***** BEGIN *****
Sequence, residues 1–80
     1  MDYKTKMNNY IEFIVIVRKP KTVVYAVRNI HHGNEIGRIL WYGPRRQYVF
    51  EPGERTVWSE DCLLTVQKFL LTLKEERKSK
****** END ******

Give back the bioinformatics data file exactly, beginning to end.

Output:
Sequence, residues 1–80
     1  MDYKTKMNNY IEFIVIVRKP KTVVYAVRNI HHGNEIGRIL WYGPRRQYVF
    51  EPGERTVWSE DCLLTVQKFL LTLKEERKSK